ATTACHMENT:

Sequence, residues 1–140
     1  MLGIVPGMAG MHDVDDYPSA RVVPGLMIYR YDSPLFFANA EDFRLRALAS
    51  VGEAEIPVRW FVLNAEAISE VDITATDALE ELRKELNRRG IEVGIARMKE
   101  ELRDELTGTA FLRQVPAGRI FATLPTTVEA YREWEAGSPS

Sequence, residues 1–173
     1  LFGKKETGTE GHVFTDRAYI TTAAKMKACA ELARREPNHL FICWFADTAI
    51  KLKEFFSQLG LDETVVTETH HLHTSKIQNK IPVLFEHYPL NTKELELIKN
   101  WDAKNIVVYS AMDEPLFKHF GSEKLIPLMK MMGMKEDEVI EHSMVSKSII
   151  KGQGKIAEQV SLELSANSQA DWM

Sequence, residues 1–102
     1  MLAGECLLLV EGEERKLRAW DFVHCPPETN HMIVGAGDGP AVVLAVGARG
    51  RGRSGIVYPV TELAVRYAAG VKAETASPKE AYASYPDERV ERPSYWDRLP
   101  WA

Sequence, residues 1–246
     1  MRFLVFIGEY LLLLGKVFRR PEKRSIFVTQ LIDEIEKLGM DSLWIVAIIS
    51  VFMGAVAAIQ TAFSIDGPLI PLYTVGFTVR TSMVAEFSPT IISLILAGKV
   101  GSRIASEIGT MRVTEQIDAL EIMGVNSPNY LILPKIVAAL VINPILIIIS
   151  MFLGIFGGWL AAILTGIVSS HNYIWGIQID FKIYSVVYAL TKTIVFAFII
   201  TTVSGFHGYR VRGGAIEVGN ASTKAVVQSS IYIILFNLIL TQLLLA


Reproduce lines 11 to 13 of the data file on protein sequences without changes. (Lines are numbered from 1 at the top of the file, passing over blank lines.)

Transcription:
     1  MLAGECLLLV EGEERKLRAW DFVHCPPETN HMIVGAGDGP AVVLAVGARG
    51  RGRSGIVYPV TELAVRYAAG VKAETASPKE AYASYPDERV ERPSYWDRLP
   101  WA